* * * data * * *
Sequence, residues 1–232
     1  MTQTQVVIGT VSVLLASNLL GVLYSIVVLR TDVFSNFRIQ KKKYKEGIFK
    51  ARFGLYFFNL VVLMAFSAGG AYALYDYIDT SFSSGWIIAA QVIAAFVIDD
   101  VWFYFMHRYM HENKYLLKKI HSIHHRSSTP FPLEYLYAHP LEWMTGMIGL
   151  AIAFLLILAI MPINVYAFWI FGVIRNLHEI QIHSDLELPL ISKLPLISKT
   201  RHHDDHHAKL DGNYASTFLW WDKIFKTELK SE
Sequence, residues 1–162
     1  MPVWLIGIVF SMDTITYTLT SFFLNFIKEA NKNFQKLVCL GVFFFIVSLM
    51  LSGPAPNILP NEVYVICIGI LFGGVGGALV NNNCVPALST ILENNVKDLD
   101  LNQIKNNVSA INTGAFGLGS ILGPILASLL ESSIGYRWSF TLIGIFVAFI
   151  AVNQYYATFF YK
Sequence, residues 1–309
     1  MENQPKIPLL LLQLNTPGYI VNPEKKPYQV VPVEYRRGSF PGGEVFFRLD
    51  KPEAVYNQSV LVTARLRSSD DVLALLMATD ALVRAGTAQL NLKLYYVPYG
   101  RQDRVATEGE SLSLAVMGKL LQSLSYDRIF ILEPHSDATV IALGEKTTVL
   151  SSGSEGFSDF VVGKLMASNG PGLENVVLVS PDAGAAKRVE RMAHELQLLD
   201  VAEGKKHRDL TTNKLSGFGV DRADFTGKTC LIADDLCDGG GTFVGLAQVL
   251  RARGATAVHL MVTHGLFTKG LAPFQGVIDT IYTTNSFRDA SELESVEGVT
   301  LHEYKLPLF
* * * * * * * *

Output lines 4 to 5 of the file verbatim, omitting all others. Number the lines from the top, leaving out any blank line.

   101  VWFYFMHRYM HENKYLLKKI HSIHHRSSTP FPLEYLYAHP LEWMTGMIGL
   151  AIAFLLILAI MPINVYAFWI FGVIRNLHEI QIHSDLELPL ISKLPLISKT